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Travel Namibia 33 Hippos cool off in the Kwando River horizon it illuminates the meandering Kwando River down below and the wind carries the sound of grunting hippos from neighbouring Pelican Pan. It feels as if nature is slowly but steadily reclaiming her domain. I concentrated my time on exploring the eastern side of the park, known as the Kwando Core Area. It was well into November and early rains meant that many of the big herds had already dispersed into the Kalahari woodlands. This is a twitcher's paradise and, together with the spectacular afternoon thunderstorms, the birds more than compensate for the seasonal lack of large concentrations of game. An extensive road network, courtesy of the SADF presence, allowed us to explore the park between the Botswana border in the south and the Angolan border in the north. En route we saw racket- tailed and broad- billed rollers, blue- cheeked bee- eater, black coucal and Sousa's shrike. Our regular sightings of impala, kudu, southern reedbuck, red lechwe and Burchell's zebra were complemented with buffalo, tsessebe and eland around the seldom- visited Marombe Pan. BEN FORBES Unexpected guests at Susuwe Island Lodge ISLANDS IN AFRICA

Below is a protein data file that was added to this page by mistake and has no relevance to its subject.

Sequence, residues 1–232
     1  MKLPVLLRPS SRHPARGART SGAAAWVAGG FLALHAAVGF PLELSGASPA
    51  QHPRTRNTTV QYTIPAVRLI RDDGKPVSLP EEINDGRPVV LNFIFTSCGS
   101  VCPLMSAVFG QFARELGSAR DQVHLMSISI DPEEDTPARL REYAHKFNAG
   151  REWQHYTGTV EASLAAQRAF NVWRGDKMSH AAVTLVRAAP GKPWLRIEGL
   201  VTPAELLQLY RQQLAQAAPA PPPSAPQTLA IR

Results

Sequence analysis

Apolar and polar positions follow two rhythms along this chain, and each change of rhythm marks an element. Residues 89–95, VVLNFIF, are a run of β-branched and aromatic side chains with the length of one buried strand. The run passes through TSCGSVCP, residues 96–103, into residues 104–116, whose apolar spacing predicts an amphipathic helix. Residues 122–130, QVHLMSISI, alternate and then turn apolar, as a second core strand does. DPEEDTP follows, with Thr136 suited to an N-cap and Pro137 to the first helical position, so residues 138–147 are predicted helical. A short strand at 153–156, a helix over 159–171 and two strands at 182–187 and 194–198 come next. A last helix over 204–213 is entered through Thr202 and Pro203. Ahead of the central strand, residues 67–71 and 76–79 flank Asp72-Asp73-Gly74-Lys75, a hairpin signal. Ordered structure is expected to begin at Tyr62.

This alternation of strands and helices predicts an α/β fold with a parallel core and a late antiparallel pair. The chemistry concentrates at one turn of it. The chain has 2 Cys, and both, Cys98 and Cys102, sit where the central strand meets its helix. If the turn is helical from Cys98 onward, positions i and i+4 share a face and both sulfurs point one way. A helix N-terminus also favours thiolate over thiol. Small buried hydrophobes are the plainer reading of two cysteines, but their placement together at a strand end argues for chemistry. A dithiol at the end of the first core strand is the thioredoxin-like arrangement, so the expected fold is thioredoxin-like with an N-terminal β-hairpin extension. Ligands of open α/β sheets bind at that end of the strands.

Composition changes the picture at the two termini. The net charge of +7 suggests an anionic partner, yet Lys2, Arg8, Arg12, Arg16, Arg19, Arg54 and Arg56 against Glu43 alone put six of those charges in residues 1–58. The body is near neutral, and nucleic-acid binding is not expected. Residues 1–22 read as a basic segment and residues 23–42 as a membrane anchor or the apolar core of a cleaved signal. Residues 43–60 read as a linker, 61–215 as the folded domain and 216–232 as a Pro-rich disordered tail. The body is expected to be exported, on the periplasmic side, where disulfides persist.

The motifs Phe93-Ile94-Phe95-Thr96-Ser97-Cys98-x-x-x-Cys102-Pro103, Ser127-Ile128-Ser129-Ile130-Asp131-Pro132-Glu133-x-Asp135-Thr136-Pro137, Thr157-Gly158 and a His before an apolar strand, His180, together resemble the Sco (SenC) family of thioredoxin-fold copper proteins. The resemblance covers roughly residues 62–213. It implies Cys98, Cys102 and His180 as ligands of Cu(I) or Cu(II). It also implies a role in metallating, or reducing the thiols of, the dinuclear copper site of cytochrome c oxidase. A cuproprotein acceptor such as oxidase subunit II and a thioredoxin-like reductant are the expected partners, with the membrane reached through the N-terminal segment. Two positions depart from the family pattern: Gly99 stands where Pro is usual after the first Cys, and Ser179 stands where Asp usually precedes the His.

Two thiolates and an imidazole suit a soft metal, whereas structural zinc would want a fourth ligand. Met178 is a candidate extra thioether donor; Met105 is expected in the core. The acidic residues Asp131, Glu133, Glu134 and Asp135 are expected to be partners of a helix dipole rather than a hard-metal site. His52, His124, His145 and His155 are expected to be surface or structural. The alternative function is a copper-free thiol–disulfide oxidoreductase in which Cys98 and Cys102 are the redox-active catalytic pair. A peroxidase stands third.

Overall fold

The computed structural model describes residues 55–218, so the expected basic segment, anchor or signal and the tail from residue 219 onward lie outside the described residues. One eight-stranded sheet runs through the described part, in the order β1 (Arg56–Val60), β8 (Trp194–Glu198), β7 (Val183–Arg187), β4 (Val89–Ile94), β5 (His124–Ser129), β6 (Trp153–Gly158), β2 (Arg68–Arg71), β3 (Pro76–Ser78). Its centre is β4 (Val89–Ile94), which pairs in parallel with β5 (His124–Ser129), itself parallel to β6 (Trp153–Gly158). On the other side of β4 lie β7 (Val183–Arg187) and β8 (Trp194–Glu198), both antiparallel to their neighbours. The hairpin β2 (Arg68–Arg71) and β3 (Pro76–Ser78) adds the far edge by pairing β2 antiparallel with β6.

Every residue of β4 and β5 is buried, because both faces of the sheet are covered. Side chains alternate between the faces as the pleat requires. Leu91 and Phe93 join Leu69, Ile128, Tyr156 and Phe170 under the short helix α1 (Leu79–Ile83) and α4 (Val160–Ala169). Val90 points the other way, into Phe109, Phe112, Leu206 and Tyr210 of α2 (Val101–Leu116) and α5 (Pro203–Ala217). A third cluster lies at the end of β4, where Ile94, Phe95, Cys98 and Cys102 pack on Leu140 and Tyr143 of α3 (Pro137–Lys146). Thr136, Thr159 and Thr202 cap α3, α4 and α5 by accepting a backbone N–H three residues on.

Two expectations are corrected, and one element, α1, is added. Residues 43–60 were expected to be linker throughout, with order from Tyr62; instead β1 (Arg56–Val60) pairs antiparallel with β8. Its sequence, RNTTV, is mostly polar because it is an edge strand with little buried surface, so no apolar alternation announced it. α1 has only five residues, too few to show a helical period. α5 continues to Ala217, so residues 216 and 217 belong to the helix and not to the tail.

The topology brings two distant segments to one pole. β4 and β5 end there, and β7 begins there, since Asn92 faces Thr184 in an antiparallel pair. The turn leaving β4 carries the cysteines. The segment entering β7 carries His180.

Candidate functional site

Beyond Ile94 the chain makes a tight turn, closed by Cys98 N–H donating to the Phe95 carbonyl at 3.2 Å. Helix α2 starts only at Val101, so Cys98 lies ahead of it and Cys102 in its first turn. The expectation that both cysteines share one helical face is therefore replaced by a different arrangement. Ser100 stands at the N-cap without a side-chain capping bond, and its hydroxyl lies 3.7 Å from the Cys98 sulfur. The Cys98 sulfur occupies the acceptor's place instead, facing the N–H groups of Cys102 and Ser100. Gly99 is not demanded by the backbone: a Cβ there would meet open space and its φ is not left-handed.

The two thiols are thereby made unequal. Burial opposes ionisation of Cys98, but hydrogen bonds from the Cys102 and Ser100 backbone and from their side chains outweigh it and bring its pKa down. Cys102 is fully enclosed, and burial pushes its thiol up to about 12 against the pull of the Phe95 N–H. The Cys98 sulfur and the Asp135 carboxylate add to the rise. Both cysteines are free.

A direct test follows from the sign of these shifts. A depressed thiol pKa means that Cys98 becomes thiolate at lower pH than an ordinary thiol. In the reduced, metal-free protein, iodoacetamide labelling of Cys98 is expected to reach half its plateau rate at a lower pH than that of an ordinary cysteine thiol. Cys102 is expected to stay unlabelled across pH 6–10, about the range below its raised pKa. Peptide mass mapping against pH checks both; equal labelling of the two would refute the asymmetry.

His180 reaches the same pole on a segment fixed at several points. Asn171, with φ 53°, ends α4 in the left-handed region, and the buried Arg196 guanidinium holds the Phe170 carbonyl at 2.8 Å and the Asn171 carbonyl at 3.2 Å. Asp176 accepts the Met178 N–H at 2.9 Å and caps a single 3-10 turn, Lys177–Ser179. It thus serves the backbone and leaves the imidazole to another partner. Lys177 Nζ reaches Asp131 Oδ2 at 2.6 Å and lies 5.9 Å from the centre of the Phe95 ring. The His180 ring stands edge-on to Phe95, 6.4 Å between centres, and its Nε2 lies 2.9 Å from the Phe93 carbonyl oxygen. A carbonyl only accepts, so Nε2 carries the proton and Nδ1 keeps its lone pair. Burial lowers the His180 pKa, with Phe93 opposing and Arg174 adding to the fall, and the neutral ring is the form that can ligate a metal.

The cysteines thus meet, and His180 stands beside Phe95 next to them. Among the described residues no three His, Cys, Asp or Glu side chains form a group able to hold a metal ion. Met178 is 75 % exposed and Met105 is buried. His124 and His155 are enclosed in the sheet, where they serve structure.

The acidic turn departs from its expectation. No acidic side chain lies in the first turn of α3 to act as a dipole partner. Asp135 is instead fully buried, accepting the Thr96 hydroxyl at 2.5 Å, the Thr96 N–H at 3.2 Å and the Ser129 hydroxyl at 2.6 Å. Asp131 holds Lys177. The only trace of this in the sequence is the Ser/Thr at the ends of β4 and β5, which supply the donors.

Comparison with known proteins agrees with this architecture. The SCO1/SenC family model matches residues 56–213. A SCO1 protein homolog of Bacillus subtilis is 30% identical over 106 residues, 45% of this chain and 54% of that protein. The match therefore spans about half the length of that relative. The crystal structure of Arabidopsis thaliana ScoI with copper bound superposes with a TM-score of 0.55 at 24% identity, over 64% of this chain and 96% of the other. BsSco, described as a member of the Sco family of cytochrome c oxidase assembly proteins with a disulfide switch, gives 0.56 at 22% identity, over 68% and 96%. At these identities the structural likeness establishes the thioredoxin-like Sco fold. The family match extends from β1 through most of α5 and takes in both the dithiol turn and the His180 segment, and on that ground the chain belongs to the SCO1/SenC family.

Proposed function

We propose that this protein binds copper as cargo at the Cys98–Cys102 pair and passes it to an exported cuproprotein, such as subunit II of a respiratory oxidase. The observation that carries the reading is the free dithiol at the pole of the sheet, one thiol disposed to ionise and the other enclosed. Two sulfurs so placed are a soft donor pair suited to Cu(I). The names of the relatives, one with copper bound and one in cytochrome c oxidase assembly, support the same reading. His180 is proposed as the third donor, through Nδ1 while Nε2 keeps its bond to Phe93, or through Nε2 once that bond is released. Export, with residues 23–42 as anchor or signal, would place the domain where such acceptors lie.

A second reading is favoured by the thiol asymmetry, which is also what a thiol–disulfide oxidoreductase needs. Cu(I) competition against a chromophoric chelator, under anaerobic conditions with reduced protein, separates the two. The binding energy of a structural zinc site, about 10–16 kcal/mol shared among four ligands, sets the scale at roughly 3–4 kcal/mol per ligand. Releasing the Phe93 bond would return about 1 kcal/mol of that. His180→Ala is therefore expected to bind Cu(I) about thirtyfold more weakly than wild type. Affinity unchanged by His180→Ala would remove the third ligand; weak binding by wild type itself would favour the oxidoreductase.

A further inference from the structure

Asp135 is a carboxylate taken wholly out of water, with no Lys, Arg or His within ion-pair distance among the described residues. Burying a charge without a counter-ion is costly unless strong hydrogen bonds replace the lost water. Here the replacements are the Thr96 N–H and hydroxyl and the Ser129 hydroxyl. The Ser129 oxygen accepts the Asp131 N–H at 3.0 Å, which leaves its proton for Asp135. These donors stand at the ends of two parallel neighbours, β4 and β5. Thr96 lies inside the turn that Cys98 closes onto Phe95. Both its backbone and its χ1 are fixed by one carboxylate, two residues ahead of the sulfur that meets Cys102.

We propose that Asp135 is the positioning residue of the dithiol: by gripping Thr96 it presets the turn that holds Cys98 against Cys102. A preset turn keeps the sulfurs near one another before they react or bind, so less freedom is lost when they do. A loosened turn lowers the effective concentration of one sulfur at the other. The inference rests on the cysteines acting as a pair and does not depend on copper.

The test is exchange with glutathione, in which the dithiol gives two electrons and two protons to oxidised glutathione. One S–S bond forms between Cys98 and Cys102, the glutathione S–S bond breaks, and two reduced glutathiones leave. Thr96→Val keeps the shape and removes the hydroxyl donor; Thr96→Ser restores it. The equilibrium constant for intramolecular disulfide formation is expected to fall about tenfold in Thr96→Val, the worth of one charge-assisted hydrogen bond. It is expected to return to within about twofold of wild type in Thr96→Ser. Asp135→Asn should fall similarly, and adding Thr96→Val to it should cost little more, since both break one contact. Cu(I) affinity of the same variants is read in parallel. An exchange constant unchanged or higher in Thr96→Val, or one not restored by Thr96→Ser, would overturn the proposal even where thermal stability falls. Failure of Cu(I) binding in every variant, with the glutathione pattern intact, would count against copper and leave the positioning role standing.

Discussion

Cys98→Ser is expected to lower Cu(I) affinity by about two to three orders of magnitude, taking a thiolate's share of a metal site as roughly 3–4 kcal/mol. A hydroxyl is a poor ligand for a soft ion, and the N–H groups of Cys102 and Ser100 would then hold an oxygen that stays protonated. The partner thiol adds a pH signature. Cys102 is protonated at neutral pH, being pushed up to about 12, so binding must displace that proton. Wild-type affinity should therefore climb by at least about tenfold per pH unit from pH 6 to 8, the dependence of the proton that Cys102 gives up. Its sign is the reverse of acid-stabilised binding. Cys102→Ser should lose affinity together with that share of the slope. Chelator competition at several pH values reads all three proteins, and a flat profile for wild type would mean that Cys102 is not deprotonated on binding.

Essential Namibia: Caprivi 34 Travel Namibia Mahango has some of the largest game herds in Africa MIKE MYERS ? 4 M udumu " Nandi, Nandi, Nandi, where are you, Nandi?" The strange call was taken up by all of the Lianshulu staff present on the lodge deck as they gazed out over the Kwando River at a picturesque African dawn. It seemed to me like a noisy and somewhat peculiar way to start a day in the heart of Mudumu National Park. Nadia, Lianshulu's hostess, enquired, " Have you met Nandi?" I racked my brains trying to recall all the names of friendly and attentive staff that I had met during the preceding 24 hours. " No I don't think so," was my guarded response. " Nandi loves muffi ns! She won't touch ? 3 M ahango " Give me one good reason to visit Mahango National Park," I arrogantly challenged. I had been put off visiting Mahango by the park's reputation as a thoroughfare between Namibia and Botswana, via the Mohembo Border Post. The all- weather road allows access to any vehicle type and in a busy year it is not inconceivable for visitor numbers to approach 100,000, thus making it the most visited park within the region. " Mahango has Africa's largest herds of roan and sable antelope," came the response from Matambo Singwangwa, a senior ranger with extensive work experience in all of the Caprivi Strip's parks. He adamantly continued, " Not to mention an excellent wildlife diversity that includes impala, kudu, bushbuck, rare sitatunga, red lechwe, reedbuck, waterbuck, wildebeest, zebra, buffalo, giraffe and elephants. You must also remember that predators like lion and leopard are never too far away, with such a large prey base." The park, 25km south of Divundu, occupies a paltry 245 square kilometres. Its small size is compensated for by its extraordinary variety of vegetation. Magnifi cent riverine forests and thick bush give way to wetlands and open fl oodplains. The abundance of habitat types is enhanced by the presence of the Kavango River, which forms the reserve's eastern boundary. The end result is prolifi c species diversity that includes around 500 different birds. " Mahango is arguably Namibia's premier birding destination," said Matambo, with an I- rest- my- case look on his face. There was no further discussion required; I was convinced that a visit to Mahango had become a necessity. After having spent the morning enjoying the nearby Popa Falls, we departed Ngepi Camp and travelled slowly down the Kavango River, bordering Bwabwatwa National Park. As the sun dipped below the horizon, we stopped for a sundowner by a baobab tree that was silhouetted against a blood- red sky. MIKE MYERS Hoping to be fed. Nandi the muffi n- munching croc lies below the balcony at Lianshulu lodge Mudumu from the air BEN FORBES